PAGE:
A320neo EIS is affecting demand for the current version. The imminent introduction of the a more efficient version of the A320, the neo is scheduled to enter service in 4Q2015, should make it more difficult to drum up demand for current generation A320s in 2014/2015. The years immediately preceding the changeover have always seemed like a potential rough patch, both for the A320 and the 737, which will transition from the NG to the MAX, in 2017. According to Ascend, A320 slots are filled for 2014 with 484 aircraft scheduled for delivery, 42/month implies ~480 deliveries, but 2015 is not yet full at 362 A320s. As some customers could walk away ahead of the neo introduction or for other reasons and new orders should be hard to come by, holding the rate at 42/month looks reasonable. Lease rates on current generation A320 family aircraft have been the weakest among major Airbus and Boeing platforms, an indication that the market is not as hungry for more of them as it is for other models.

We heard long ago that Airbus was worried about demand for the ceo, but we also heard the same is quite true for Boeing on the 737NG with respect to MAX sales. This is why we are seeing many Airbus and Boeing deals include the current generation of airplanes with the re-engined models. It’s also why, we believe, we’re seeing pricing on the current generation of airplanes dropping precipitously, which will of course affect residual values and lease rates.

Boeing comments on 787 delamination, delivery expectations

Jim Albaugh, CEO of Boeing Commercial Airplanes, today commented on the delamination issues on the 787 and the effect on deliveries and production going forward. He spoke at a JP Morgan conference. there are several stories that can be found on Google News, but here’s a link to a Reuters piece that neatly sums things up. Here is a link to Aspire Aviation’s synopsis.

Among other things, Albaugh said Boeing should deliver 70-85 787s and 747-8s, roughly evenly split between the two, or about 35-42 of each airplane. Jon Ostrower also Tweeted that the plan is to deliver the last re-worked 787 in 2014. Some may recall that Boeing’s Scott Fancher, at the time the head of the 787 program (now heading up 777), once said it would take “years” to complete the rework on the plethora of 787s lined up at Everett’s Paine Field. Ostrower also Tweeted, quoting Albaugh, as saying the first “clean” 787 will be line #66 (it had been forecast to be #63).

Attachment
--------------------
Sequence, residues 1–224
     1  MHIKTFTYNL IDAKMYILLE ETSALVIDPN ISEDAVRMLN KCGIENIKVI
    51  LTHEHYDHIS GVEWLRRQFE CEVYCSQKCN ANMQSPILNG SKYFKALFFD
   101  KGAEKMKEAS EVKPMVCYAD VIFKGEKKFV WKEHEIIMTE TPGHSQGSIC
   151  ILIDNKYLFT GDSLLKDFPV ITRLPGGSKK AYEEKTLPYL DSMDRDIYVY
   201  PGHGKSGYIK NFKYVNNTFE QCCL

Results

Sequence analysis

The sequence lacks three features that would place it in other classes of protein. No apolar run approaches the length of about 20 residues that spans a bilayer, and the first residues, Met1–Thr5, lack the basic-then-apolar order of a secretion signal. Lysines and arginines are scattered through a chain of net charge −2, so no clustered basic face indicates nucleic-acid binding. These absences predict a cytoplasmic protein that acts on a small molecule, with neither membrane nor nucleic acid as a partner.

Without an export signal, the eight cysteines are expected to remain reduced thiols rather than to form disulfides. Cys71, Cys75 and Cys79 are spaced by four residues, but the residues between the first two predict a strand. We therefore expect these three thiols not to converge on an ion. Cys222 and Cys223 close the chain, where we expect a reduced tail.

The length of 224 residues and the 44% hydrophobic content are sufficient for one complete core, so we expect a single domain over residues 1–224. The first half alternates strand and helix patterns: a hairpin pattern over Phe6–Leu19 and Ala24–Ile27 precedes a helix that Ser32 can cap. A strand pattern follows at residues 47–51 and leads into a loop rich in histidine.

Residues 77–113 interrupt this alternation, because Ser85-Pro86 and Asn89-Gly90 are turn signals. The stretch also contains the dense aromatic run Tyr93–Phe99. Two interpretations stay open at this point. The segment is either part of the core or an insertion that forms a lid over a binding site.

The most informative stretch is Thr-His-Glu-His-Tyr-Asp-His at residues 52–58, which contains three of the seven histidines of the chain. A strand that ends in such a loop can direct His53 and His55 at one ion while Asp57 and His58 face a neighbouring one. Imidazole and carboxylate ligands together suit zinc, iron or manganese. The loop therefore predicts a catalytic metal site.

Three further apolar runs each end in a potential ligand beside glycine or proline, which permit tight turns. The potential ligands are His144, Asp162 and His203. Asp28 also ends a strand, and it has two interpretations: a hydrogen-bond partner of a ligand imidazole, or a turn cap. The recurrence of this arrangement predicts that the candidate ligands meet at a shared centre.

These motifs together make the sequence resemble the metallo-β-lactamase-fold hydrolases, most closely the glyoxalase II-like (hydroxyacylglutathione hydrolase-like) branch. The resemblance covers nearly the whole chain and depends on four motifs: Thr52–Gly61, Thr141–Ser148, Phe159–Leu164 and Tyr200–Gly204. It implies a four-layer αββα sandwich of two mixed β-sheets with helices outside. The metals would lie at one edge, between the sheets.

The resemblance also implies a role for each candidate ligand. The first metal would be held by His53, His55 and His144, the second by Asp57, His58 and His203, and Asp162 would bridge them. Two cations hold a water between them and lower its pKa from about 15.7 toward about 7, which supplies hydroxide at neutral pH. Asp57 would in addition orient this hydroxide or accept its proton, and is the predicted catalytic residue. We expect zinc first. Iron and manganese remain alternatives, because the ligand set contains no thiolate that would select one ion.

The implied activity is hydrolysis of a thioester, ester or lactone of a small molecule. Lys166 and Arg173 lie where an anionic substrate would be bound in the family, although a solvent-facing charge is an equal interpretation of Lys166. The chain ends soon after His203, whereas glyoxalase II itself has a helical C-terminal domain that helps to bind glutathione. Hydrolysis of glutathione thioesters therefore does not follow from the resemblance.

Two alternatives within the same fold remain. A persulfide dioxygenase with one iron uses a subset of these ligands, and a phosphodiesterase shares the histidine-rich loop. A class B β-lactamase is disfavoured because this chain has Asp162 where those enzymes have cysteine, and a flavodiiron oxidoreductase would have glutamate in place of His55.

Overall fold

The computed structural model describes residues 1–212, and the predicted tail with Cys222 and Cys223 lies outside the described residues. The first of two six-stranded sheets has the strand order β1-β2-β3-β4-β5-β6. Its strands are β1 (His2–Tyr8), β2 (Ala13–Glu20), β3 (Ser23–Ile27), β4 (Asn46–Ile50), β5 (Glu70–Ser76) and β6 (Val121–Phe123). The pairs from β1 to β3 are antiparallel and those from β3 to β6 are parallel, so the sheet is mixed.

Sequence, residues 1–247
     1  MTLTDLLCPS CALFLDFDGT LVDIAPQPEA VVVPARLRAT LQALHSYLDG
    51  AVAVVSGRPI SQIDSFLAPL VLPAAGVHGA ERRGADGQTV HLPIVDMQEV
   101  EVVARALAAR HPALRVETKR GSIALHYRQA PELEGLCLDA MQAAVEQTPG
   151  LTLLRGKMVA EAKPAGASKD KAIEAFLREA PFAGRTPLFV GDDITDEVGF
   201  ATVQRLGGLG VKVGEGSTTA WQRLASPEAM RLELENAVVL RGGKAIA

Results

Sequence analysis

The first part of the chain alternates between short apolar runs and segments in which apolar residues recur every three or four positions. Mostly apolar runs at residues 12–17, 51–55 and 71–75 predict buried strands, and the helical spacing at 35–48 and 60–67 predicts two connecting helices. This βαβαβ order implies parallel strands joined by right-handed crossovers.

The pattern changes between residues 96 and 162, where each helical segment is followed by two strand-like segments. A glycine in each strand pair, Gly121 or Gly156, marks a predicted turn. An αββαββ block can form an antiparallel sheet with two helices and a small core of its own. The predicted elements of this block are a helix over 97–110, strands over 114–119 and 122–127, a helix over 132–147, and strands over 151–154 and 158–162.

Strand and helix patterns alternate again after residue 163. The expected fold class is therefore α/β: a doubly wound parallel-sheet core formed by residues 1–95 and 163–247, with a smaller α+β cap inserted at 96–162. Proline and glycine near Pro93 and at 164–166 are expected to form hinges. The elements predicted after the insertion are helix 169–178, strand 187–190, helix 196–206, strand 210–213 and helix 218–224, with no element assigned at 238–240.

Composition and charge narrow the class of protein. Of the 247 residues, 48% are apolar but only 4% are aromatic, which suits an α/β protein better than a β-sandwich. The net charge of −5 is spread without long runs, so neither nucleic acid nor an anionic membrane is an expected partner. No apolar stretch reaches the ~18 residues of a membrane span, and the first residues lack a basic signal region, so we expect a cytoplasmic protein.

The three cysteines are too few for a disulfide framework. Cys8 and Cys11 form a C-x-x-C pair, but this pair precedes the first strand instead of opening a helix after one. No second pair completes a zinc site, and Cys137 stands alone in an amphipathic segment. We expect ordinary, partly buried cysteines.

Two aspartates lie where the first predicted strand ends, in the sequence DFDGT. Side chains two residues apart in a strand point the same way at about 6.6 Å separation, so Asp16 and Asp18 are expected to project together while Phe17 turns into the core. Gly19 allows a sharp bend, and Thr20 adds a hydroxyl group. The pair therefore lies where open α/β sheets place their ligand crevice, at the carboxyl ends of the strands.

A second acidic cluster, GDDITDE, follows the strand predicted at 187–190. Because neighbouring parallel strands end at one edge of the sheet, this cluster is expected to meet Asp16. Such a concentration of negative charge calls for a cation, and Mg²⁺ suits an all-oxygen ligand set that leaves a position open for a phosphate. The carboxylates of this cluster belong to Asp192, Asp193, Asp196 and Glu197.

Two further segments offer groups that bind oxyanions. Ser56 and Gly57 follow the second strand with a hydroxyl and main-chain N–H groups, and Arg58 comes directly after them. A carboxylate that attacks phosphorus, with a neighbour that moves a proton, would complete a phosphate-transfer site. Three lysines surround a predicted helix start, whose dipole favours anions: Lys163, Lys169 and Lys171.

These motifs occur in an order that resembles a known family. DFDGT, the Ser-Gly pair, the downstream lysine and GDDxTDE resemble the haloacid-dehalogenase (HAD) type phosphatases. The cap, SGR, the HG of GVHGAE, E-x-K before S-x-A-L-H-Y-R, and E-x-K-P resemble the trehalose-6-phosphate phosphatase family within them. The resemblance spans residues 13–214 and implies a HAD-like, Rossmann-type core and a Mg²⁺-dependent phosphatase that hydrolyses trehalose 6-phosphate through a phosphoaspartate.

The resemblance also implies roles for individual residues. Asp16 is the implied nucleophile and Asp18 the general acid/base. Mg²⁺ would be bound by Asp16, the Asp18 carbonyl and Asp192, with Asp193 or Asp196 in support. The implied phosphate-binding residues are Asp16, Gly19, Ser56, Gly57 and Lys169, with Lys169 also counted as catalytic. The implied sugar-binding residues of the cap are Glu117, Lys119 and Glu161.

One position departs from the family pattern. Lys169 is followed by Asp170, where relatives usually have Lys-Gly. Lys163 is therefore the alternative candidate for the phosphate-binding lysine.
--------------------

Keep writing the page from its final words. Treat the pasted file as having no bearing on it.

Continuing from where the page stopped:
The other key point is about the delamination. While this has gotten a lot of high-profile attention, particularly in the context of the overall 787 program difficulties, independent sources we checked with tell us that while this is another annoying and embarrassing event for Boeing, the fix in relatively simple and the problem not particularly consequential. Boeing, of course, has said as much but skeptics continue to question Boeing’s credibility due to the history of the program often turning out to be worse than Boeing’s statements. Case-in-point is Boeing’s continued insistence that it will meet the goal of producing 10 787s per month by the end of next year and the disbelief expressed by every aerospace analyst and consultant we’ve seen. (Granted, there may be some who accept the goal as doable, but we’ve not seen them.)

Separately, an interesting public dispute between Air India, a 787 customer, and Boeing emerged. Air India says Boeing agreed to pay $500m for delays of 27 787s. Albaugh says that’s news to him. We ask, what precisely did Air India say? The news reports are too ambiguous. Did Air India say cash compensation or that Boeing is paying $500m in compensation, which, of course, could take many forms such as discounts, services, parts, etc? This would make Albaugh’s statement that no check is being written correct. So it goes….

Boeing comments on the 737RE

As the aviation world waits for Boeing to define the 737RE, it might be worth taking a close look at the July 27 earnings call discussion relating to the airplane, apart from the topic of where the aircraft will be built—we covered that thoroughly last week.

Our resource is the earnings call transcript as published by Seeking Alpha. As we go through the transcript, we will highlight certain statements and then offer some commentary at the end of the section.

Here is what CEO Jim McNerney said in his prepared remarks.

Also in recent months, a broader customer view has emerged in support of the greater certainty of gaining significant incremental improvement in a re-engined 737 in the near to midterm over the more perfect solution which may be available further down the road. It has always been our view that if it looked like we are putting meaningful market share at risk by waiting to do a new airplane, we would re-engine instead. That combined with our new engine technical production assessment against lead time for new engine decision led us to the judgment that we have made.